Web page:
Decades before the highly sought-after Hermès Birkin bag was created, Birkin was long associated with a wicker-basket purse she’d often purchase for five quid at London’s Portobello Road. The basket, unconventional but functional, was a Birkin staple, and she was rarely seen without it.
Yet, as luck would have it, a 1983 chance encounter on an Air France flight led Birkin to finally ditch her basket. On that fabled flight, as the story goes, Birkin spilled her basket as she placed it in the overhead compartment. The stranger who sat beside her was none other than Jean-Louis Dumas, a fifth-generation descendant of famed fashion atelier, House of Hermès.
Lamenting the lack of suitable handbag choices, she asked Dumas, “Why don’t you make a handbag that’s bigger than the Kelly, but not as big as my suitcase, which weighs a ton,” she recalled during an interview with CBS’ Sunday Morning. As the story goes, during the short flight she drew a sketch of the ideal bag on a napkin and a month later the serendipitous Birkin-Dumas prototype was born. She approved the sample and when the designer asked if they could name it after her, she signed off on the collaboration. “I was so flattered!” she said.
But despite its unorthodox beginnings, the Hermès Birkin bag is a veritable symbol of elegance and refinement. Today, savvy collectors, on average, will pay between $10,000 to $150,000, depending on the size, fabrics, and skins used, and wait a year or more to receive the signature piece.
Charlene Parson, a well-respected fashion authority and current fashion director of the Miami International University of Art & Design, says the Hermès Birkin handbag is truly a wise investment. It is an exceptional piece of wearable art, made with superior attention to detail and craftsmanship, she says.
“When a woman walks into a room with the Hermès Birkin bag, it is noticed before anyone looks at anything else,” says Parson. “It continues to be relevant today because it is the only bag made by hand with the finest of leathers and skins. It does not get old, but truly gets better with time.”
Caring for Your Hermès Birkin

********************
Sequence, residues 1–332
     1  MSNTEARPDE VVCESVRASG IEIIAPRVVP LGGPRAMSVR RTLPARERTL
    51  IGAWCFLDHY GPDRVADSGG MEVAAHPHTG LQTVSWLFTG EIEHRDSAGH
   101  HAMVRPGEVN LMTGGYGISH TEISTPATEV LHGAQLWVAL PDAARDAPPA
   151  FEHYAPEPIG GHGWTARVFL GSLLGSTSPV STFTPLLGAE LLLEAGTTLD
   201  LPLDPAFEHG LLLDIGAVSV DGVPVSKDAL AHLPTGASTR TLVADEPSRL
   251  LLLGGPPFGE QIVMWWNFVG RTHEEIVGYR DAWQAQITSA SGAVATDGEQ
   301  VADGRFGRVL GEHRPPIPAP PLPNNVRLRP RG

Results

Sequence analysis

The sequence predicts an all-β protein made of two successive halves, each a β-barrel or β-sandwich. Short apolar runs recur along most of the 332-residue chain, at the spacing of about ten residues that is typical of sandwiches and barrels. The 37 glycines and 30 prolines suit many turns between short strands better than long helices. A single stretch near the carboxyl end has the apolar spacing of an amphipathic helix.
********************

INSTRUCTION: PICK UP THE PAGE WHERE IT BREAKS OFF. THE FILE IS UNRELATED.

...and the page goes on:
Giovanni Mesa, accessories director at Massimo Dutti, shares his tips on how to keep an Hermès Birkin handbag in its absolute best condition:
1. When not in use, store the handbag in its official protective cloth bag.
2. Always store the bag at room temperature.
3. Keep bags away from prolonged direct sunlight exposure. Some leathers are harmed by extreme heat or cold.
4. Have the bag professionally cleaned. Hermès offers spa services for its handbags.
5. Always read the care labels on your bags.
Case in point: The Himalaya Niloticus Crocodile Diamond Birkin handbag sold in 2017 at a Christie’s auction in Hong Kong for approximately $380,000. It was the most expensive handbag ever sold at auction. And how did it fetch that price? The diamond Himalaya Birkin is crafted by hand with Niloticus crocodile hide and finished with 10.23 carats of diamonds on its 18-karat-gold hardware. The hide is painstakingly dyed by expert craftsmen to achieve its gradated shades of gray and white—intentionally designed to reflect the snowcapped Himalayan mountains. The finished handbag is a masterpiece in artistry and workmanship.
When Birkin speaks of her creation, its lasting cultural impact and explosive market value, it is obvious the bag’s indisputable success is second to her amused delight. She says, “When someone says to me, ‘What will you be best known for?’ I will say, the bag. Well, it could be worse!”
That’s an understatement.
Selecting an Hermès Birkin Handbag
Mesa says few bags rival the mystique and exclusivity of an Hermès Birkin; therefore, thoughtful planning is a must before purchasing the holy grail of handbags.
The handbag is timeless and classic. It goes with anything. It can be dressed up and down. Neutral colors—nude, gray, or black—work best as an everyday bag and can be paired with anything.
The Hermès Birkin is all about quality. The craftsmanship of the bag is impeccable. It is hand sewn and made with Grade A, hand-painted leathers.
It must fit a person’s lifestyle and needs. It is available in different sizes and capacities. The Birkin 30 is the most versatile size and works well with most body frames.
Birkin, today, uses her platform to advance various humanitarian causes, most notably by working with Amnesty International and the International Human Rights Federation to raise awareness of human rights violations.
She continues to masterfully interpret Gainsbourg’s body of work through concert tours and recordings. Her most recent critically acclaimed album, Birkin/Gainsbourg: Le Symphonique, is a complex take on their most famous collaborations between 1968 and 1991, and is performed with a full orchestra before international audiences.
In many ways, Birkin’s life, to date, remains inextricably entwined with Gainsbourg’s, and by all accounts, she wouldn’t have it any other way.